Including accounting professionals such as accountants, bookkeepers and auditors working in small, medium-sized and large accounting firms.

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Real estate agents and property developers

Including commercial and residential real estate agents, property financiers and property developers working in small, medium-sized and large real estate firms.

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Gambling operators and casinos

Including casinos, hotels, pubs and clubs, racetracks, online gaming and on/off-course bookmakers.

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Precious metals and stones dealers

Including gold, silver and other precious metals and stone dealers.

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Penalties for non-compliance with AML/CTF laws?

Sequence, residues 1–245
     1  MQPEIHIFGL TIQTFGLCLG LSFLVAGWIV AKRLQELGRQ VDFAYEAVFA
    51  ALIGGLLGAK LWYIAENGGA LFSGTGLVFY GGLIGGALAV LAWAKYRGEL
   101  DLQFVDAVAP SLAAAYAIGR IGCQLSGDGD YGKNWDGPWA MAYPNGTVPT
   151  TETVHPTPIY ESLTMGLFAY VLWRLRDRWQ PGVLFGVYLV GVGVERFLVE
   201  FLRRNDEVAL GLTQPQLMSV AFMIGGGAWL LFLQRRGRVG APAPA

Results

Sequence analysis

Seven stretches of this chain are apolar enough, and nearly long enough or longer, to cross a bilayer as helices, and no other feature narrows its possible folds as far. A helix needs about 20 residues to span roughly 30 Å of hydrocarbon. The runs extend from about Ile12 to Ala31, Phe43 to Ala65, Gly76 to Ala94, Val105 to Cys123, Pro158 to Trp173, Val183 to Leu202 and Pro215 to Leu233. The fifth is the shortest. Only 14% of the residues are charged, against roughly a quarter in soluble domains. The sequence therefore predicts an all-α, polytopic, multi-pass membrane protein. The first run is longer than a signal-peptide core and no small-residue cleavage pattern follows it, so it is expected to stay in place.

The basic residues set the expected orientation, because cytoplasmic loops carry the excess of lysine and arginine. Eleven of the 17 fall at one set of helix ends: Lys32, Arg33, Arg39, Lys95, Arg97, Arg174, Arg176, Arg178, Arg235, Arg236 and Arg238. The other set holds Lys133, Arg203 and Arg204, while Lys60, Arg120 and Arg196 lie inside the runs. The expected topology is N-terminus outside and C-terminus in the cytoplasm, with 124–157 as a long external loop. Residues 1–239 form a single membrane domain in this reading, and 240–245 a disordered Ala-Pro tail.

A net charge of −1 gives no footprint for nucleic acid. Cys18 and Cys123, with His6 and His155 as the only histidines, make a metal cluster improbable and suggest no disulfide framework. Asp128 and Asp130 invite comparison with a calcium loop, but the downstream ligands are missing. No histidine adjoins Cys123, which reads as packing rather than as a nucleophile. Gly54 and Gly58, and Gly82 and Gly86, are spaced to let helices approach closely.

In Italy, the penalties for non-compliance with money laundering and terrorism financing laws can vary depending on the specific offence committed and the provisions violated. Here are some potential fines and penalties that may apply:

  • Administrative Penalties - the regulatory authorities, such as the Financial Intelligence Unit (UIF) or the Bank of Italy, have the power to impose administrative fines for breaches of AML/CTF requirements. These fines can vary depending on the nature and severity of the violation. The maximum administrative fine that can be imposed is €1 million for individuals and €5 million for legal entities.
  • Criminal Offences - individuals or entities convicted of money laundering or terrorism financing offences can face fines imposed by the courts. The fines can be significant and are typically determined based on the value of the illicit funds involved in the offence.